Have you checked oil and coolant levels? Assuming they are good is there any white exhaust smoke when starting? A leaking head gasket can cause a real quick increase in coolant if combustion is leaking into coolant passages.
I have a 2013 that overheated when going around 25 mph when the temps are 70 degrees F or higher, such as mountain dirt roads, or even at 45 mph up inclines in warmer weather with other slower cars in front of me preventing me from speeding up. At highway speeds, it cooled down to normal without problems. When the car was shut down, the radiator fans kicked in super loud for 5-10 mins too. They are designed to do that when the engines are hot. Turned out coolant levels were low, below half the radiator level so when there wasn't enough wind going through the radiator (ie when not going at freeway speeds), the engine heated up because only half the radiator was functioning. You can't tell by looking just at the topside reservoir. You must check the radiator level.I have A 2013 Chevrolet Traverse. After turning the car off I noticed a super loud sound coming from the engine. I am assuming it was the fan. The issue is that it ran for maybe 10 minutes after I turned the car off. When I looked at my temperature gauge it was almost all the way at the top. What could be wrong with it? I haven't turned it back on. Had run an errand which was 1 mile away from home and back.
You're preaching to the pastor here. I got a 5 on the AP chemistry exam in high school, scored top 2% in the state of California chemistry exam, and took honors chemistry in college. That means I understand the science behind thermodynamics more than most, which the car cooling system is all about. My response was simply to inform that you don't just keep pouring water by itself into the radiator and reservoir bucket and expecting your cooling system to work as it should. The reason is you are diluting the heat carrying capacity of a proper GM recommended 50/50 mix, which as you correctly pointed, that most products you buy now, come premixed, which is why I specifically repeated multiple times about GM recommended wordings. Again, don't just keep pouring only water into your car cooling system and expecting it to run 100%. You need to remember, there are a lot of people who's never looked in the hood of their car before on these forums.Not sure why you think water doesn't carry away the heat. Usually, when you buy GM Dexron VI coolant, it come pre-mixed, which is why you don't add water. (If the bottle says "Concentrate," then you DO add water.) The "anti-freeze" in the water is added to prevent freezing at low temps and boiling at high temps. But it's still mostly water.
In the old days, anti-freeze only came in concentrate. 25-30 yrs ago, they started selling it in a (usually) 50/50 mix of anti-freeze and water so the consumer could just pour it in and be done with it; this is especially nice if you're on the road when you need it. (In the good old days, if I replaced a water pump, I'd make my own pre-mix with the concentrate I had left over, so I could carry a jug of pre-mix with me. In those days, water pumps were expected to die at 30-40K miles; there are a lot fewer water pump failures these days.) Pre-mixed is also a few bucks cheaper, since it has less anti-freeze in it. So for just topping off, it's cheaper for the consumer.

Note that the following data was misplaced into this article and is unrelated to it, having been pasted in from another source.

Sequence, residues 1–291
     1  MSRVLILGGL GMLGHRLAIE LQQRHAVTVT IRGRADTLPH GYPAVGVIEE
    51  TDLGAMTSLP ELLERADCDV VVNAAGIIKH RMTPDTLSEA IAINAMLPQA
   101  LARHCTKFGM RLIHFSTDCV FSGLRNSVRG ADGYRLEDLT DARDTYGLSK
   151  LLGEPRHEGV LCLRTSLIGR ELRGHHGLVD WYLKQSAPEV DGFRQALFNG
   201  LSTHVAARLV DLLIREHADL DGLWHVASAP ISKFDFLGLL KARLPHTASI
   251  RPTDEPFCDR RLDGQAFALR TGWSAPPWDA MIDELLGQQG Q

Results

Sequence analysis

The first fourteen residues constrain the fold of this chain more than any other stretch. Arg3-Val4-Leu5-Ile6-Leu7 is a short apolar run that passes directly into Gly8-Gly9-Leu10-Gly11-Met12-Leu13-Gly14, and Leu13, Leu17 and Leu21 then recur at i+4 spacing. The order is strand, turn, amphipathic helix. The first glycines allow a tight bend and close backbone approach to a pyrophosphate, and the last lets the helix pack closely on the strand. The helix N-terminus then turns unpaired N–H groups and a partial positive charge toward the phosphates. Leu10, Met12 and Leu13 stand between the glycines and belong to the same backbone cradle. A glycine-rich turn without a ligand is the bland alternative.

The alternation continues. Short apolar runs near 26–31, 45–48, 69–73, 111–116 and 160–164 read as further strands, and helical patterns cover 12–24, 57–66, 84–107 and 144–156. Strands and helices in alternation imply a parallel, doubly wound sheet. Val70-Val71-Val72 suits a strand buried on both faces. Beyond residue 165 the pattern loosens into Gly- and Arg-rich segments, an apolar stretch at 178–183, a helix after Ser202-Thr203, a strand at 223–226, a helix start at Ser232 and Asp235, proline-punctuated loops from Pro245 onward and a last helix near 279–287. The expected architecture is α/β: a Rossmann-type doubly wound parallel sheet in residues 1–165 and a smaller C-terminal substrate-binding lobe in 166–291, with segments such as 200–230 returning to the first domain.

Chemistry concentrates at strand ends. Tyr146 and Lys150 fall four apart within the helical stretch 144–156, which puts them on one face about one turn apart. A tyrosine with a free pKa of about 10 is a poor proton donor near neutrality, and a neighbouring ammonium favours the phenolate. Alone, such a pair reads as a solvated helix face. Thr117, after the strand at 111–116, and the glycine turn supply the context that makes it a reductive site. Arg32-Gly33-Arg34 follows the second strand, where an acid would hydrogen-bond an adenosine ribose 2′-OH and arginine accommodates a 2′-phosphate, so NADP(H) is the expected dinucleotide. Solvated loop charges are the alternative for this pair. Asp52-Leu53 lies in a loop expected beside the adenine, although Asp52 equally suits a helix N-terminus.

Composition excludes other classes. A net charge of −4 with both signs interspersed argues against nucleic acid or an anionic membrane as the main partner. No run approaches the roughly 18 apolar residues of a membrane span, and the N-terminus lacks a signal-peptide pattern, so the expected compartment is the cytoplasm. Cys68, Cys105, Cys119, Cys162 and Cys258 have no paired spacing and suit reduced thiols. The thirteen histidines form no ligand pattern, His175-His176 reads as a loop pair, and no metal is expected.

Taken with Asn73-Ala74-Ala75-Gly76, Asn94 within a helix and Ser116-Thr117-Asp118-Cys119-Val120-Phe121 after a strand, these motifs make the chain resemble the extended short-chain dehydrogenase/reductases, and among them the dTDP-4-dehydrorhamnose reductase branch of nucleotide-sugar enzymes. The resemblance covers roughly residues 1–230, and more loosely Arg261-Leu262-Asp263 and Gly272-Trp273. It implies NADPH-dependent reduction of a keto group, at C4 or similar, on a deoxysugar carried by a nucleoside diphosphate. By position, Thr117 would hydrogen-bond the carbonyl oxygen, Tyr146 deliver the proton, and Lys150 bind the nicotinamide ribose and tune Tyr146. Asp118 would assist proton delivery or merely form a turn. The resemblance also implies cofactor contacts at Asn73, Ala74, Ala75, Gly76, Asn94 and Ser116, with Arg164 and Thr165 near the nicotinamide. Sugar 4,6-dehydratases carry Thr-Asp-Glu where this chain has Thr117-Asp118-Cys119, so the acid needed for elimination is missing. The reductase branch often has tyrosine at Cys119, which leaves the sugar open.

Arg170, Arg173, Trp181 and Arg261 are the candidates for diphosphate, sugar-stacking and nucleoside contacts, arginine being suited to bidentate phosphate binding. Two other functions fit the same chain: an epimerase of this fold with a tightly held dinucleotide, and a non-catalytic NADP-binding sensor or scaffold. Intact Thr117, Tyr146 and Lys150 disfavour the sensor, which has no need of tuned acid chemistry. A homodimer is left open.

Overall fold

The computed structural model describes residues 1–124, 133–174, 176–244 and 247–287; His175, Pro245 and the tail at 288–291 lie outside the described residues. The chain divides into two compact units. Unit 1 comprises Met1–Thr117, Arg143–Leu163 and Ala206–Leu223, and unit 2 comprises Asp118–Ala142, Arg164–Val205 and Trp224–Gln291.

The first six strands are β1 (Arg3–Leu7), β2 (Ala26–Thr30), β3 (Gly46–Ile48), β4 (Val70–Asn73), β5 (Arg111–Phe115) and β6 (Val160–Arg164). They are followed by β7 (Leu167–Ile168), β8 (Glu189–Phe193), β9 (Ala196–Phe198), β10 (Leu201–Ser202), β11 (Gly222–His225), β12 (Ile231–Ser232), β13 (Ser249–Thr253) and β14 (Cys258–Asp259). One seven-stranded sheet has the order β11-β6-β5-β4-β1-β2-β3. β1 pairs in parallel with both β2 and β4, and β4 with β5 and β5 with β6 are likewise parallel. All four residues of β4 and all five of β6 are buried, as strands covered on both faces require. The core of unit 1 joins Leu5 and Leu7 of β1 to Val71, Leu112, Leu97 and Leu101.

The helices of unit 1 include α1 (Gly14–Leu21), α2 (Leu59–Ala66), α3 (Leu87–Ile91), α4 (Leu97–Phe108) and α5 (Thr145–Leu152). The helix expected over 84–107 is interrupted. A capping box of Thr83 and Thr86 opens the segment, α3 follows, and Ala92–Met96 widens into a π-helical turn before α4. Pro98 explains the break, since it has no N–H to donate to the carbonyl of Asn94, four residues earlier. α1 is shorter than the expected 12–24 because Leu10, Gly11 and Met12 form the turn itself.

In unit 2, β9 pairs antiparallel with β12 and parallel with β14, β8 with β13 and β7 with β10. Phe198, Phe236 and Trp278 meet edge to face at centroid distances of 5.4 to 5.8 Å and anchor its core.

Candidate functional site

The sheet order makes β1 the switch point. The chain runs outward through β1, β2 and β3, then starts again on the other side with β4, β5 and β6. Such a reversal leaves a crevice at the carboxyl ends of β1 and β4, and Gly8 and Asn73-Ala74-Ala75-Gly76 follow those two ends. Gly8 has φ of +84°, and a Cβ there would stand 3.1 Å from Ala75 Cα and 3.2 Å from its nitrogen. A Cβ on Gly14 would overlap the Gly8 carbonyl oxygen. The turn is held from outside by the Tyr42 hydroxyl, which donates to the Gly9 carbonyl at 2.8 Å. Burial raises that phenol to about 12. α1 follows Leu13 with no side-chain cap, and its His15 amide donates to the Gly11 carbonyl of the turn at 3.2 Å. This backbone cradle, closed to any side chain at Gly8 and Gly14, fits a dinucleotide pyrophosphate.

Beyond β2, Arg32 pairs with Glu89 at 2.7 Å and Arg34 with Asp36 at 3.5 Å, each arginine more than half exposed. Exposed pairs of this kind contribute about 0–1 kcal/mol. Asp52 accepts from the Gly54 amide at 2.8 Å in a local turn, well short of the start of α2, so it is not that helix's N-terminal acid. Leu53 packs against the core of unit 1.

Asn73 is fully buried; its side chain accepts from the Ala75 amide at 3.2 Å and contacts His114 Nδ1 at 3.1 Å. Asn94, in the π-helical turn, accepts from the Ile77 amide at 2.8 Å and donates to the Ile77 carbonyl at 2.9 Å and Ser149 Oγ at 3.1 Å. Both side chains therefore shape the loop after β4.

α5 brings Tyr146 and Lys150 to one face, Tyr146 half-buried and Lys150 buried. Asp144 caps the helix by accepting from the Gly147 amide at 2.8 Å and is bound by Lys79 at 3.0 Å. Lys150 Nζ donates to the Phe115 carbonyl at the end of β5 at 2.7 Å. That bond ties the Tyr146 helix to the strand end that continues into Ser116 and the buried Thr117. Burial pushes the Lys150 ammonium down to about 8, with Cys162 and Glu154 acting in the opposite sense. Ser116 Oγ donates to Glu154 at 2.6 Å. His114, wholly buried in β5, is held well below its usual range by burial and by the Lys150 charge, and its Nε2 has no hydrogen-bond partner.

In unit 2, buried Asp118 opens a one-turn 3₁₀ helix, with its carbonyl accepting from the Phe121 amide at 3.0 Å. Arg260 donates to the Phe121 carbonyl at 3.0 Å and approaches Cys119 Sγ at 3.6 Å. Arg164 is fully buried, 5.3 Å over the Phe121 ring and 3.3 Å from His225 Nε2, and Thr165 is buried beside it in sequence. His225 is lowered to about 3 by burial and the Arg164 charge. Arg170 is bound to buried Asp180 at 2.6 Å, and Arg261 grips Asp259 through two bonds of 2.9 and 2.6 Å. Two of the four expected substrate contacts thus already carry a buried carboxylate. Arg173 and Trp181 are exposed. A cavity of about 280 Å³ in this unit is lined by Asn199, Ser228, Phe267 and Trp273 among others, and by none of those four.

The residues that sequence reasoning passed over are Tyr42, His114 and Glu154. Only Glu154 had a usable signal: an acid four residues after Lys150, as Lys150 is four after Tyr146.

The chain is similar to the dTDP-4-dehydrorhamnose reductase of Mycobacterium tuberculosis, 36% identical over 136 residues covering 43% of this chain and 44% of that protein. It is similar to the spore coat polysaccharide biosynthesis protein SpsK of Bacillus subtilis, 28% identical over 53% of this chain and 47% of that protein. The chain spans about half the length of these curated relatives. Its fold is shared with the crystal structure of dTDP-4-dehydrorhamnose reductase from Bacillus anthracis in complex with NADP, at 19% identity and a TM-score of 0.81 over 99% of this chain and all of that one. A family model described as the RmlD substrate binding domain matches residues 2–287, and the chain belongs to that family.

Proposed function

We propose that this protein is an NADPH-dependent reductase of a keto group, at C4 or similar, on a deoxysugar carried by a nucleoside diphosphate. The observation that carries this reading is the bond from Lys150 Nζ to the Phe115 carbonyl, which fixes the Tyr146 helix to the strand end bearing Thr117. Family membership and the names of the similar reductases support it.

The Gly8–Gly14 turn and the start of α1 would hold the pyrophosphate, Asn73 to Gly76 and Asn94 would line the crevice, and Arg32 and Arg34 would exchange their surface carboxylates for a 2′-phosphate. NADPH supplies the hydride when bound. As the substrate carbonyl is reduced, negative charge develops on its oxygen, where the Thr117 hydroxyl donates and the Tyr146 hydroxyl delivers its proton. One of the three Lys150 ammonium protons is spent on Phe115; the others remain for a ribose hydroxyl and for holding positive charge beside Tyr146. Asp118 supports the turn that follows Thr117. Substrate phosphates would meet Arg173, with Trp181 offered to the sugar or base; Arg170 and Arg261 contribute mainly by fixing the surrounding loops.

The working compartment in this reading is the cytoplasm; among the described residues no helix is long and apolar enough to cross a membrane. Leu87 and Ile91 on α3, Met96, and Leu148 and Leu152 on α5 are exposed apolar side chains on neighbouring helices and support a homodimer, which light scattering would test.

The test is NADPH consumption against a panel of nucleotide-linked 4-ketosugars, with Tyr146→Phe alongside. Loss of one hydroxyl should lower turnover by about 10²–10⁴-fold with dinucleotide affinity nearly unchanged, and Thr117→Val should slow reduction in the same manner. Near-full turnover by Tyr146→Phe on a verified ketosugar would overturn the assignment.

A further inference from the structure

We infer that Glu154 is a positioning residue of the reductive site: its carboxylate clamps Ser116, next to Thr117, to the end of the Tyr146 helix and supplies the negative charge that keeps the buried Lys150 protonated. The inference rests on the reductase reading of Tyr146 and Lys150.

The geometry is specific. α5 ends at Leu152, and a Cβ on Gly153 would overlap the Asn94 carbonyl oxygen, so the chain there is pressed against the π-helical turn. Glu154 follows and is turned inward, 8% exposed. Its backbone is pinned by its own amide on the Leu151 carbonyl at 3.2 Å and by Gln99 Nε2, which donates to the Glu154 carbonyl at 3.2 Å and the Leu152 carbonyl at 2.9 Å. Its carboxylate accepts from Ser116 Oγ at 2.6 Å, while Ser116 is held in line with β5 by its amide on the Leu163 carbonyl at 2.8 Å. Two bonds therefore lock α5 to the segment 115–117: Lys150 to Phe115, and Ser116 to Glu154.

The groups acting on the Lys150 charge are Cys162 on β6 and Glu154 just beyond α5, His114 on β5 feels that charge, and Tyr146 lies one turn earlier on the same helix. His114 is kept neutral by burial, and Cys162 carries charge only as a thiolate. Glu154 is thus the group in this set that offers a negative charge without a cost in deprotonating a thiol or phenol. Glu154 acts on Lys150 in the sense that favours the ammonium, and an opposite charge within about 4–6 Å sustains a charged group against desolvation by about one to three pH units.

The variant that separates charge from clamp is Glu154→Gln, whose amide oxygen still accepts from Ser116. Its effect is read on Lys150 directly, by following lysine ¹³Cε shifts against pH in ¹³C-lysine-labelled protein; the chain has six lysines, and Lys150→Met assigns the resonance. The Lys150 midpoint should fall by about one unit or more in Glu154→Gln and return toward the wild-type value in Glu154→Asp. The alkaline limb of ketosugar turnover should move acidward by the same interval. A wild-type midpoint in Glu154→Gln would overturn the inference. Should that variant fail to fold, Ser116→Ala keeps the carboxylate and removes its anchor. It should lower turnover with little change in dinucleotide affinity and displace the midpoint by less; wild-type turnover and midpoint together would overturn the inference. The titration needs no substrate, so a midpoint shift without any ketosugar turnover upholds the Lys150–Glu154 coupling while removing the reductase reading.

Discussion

I'm purely speculating here, but I THINK offering pre-mix may also have been done in response to the regulations passed about disposing of anti-freeze. If you've got a big jug of it, and only need a little, you can only add half of what you need, then you add the other half as water. Then what do you do with the rest of the jug of concentrate? If you've got a pre-mixed jug, you'll use twice as much and therefore have less to get rid of, as well as it being already diluted 50%.
Water is great at absorbing (and hence transferring) heat because it has two hydrogen bonds on the outer edge of the oxygen atom that doesn't form a straight 180 degree line of sight. It's slightly curved. And the oxygen atom is slightly negative due to it grabbing the electrons from the hydrogen atoms, while the hydrogen atoms are slightly positive. This is why water boils at 100 degrees C while gasoline and other liquids that are MUCH heavier evaporates (ie boils) at a lower temperature. When you add other substances like salt to water, this allows it to behave differently, like lowering its freezing temperature from 0 degrees C to negative below zero. The same thing holds true with DEX-COOL because it's a mixture of water and multiple chemicals that increases the boiling point, which means it can carry more heat from the engine to the radiator to cool off the engine. If a liquid evaporates or boils at a lower temperature into a gas, it effectively cannot carry as much heat away, just like air molecules can't carry as much heat as a liquid.I thought that water had a greater specific heat (1 Btu/lb/°F - 0.445 J/kg) than ethylene- or polyethylene-glycol (0.75 Btu/lb/°F - 0.445 J/kg). Ethylene-glycol is the vast majority of the molar mass of DexCool (https://noordametals.com/wp-content/uploads/2017/07/Dex-Cool-Anti-Freeze-Chevron.pdf).
Then again, I slept in chemistry class so that I could be ready for physics.